AS3.2Halogens in the Troposphere
|Convener: Alfonso Saiz-Lopez | Co-Conveners: Rolf Sander , Rainer Volkamer , Roland von Glasow (deceased)|
Evidence is accumulating that reactive halogen species can have an important influence on the chemistry of the lower and the free troposphere. Chlorine atoms react faster with most hydrocarbons than OH does. Inorganic bromine and iodine can catalytically destroy tropospheric ozone and oxidise mercury. These reactions have been shown to be important in the polar troposphere during the springtime ozone depletion events, over salt lakes and in volcanic plumes. There is strong evidence that halogens play a spatially wider role in the marine boundary layer and free troposphere for ozone destruction, changes in the ratios of OH/HO2 and NO/NO2, destruction of methane, in the oxidation of mercury and in the formation of secondary aerosol. There are indications that both oceanic sources as well as the chemistry of halogens and volatile organic compounds (VOCs) and oxygenated VOCs (OVOCs) in the tropics are linked with potential implications not only for the photochemistry but also the formation of secondary organic aerosol (SOA).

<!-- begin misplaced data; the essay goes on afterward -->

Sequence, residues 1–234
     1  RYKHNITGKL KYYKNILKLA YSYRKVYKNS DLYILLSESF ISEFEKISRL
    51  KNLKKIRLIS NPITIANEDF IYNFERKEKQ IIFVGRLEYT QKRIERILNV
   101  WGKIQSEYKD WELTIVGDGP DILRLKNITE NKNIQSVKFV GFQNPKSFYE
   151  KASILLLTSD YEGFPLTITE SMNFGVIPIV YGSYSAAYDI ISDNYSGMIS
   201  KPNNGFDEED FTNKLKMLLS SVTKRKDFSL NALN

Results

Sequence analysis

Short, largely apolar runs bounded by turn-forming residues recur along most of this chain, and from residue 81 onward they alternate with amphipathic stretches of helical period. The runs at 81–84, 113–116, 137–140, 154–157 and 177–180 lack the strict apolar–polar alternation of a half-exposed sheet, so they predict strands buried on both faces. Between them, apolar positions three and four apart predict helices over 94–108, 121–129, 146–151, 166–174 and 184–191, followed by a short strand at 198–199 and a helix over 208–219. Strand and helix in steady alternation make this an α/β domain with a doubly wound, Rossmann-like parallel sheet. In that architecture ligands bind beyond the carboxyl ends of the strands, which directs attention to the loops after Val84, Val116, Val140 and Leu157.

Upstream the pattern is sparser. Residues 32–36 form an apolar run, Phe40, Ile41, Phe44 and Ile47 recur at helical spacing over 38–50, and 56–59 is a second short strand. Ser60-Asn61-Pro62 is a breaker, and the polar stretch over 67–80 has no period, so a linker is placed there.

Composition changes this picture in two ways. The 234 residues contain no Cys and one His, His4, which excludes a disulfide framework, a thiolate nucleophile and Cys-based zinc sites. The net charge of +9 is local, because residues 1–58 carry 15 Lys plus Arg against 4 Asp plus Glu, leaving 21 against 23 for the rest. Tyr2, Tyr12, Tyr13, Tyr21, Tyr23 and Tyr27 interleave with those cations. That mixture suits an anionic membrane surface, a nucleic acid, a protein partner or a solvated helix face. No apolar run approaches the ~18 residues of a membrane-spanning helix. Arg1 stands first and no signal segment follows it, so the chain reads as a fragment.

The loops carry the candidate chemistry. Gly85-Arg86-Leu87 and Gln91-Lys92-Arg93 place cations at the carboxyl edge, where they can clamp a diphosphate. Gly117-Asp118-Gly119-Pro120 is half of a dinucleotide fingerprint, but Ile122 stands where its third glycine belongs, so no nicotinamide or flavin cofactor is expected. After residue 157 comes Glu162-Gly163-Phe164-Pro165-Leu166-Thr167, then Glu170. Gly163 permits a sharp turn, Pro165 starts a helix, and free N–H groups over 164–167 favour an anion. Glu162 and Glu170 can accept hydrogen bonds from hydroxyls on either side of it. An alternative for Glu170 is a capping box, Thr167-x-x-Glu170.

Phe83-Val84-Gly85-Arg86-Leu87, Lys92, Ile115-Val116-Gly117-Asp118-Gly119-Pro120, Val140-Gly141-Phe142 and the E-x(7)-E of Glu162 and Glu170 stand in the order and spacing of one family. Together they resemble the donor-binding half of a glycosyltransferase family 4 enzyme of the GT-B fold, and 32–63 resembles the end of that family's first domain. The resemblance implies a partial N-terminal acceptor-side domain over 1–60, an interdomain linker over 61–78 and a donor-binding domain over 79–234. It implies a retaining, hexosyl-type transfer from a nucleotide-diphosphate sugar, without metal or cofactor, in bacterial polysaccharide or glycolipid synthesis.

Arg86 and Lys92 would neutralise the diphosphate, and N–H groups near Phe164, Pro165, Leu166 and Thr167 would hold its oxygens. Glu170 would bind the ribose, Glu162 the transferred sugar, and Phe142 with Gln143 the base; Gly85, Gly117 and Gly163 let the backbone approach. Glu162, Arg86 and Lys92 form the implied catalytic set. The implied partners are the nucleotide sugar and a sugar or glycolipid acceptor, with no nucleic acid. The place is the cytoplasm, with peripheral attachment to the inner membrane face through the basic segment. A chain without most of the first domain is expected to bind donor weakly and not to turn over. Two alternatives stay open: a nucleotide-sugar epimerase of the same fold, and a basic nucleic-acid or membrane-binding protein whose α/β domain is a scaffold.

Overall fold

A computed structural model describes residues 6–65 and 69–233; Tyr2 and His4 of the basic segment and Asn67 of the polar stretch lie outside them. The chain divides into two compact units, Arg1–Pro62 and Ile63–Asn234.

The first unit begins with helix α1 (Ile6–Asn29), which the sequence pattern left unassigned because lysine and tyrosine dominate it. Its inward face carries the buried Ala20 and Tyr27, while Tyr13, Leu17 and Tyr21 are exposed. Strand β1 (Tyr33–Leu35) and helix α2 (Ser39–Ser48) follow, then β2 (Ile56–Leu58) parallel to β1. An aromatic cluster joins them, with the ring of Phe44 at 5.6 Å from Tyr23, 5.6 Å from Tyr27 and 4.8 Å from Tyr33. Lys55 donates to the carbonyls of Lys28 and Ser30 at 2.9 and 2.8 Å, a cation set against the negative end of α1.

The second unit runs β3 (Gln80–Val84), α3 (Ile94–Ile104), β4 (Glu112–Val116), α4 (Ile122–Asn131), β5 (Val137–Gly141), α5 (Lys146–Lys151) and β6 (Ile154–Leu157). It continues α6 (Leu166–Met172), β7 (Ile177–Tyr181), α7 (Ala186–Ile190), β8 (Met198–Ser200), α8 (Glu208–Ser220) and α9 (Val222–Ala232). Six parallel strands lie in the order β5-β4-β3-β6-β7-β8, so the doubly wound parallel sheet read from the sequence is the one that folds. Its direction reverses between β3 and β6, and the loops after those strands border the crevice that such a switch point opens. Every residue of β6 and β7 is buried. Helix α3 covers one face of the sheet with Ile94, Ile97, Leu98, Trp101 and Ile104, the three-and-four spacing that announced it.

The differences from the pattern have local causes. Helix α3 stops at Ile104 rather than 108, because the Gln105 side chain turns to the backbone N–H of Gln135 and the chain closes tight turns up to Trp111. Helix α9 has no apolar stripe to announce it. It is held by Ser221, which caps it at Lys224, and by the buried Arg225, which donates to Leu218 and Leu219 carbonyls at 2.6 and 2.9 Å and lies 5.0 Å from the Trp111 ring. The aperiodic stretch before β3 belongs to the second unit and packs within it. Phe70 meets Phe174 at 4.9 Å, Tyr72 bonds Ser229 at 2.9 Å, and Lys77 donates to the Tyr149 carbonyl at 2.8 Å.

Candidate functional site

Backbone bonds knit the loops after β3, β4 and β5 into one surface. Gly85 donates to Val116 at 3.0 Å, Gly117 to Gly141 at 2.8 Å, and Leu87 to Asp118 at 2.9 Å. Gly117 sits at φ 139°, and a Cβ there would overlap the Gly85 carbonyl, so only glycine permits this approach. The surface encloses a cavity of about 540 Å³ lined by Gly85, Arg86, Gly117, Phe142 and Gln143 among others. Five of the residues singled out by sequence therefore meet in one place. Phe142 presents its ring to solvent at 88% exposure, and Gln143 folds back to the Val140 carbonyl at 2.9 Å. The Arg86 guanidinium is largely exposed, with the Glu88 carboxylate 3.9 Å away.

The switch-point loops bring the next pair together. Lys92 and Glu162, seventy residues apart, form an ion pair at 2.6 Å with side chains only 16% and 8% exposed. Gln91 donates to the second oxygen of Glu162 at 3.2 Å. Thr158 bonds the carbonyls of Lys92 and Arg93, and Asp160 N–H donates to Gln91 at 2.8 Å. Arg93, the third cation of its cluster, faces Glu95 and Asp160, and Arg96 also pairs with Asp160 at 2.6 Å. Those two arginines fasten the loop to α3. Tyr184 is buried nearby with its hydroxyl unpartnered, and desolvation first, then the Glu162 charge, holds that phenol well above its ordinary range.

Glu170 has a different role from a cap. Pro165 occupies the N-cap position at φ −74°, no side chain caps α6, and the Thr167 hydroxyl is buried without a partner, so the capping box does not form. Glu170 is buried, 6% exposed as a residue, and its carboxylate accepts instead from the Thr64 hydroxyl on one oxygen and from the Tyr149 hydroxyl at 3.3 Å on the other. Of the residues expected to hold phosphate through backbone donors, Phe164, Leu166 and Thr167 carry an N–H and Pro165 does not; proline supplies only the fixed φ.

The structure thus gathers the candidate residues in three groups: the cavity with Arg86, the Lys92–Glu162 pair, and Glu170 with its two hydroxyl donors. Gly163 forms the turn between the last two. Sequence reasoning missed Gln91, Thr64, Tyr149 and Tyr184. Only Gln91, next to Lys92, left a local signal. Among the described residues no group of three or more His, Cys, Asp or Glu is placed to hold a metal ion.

We invite contributions in the following areas dealing with halogens on local, regional, and global scales:
- Model studies: Investigations of the chemical mechanisms leading to release, transformation and removal of reactive halogen species in the troposphere. Studies of consequences of the presence of reactive halogen species in the troposphere.
- Laboratory studies: Determination of gas- and aqueous-phase rate constants, Henry's law and uptake coefficients, UV/VIS spectra, and other properties of reactive halogen species.
- Field experiments and satellite studies: Measurements of inorganic (X, XO, HOX, XONO2, ..., X = Cl, Br, I) and organic (CH3Br, CHBr3, CH3I, RX, ...) reactive halogen species and their fluxes in the troposphere with in situ and remote sensing .techniques.
- All aspects of tropical tropospheric halogens and links to (O)VOCs: their chemistry, sources and sinks, and their impact on local, regional, and global scales. Contributions reporting results from recent major field campaigns such as Climate and Halogen Reactivity Tropical Experiment (CHARLEX), Tropical Ocean tRoposphere Experiment of Reactive halogen species and OVOCs (TORERO), and Reactive Halogens in the Marine Boundary Layer (RHaMBLe) and SOLAS related activities are particularly encouraged.
This session is a contribution to the SOLAS/IGAC task "Halogens in the troposphere" (HitT).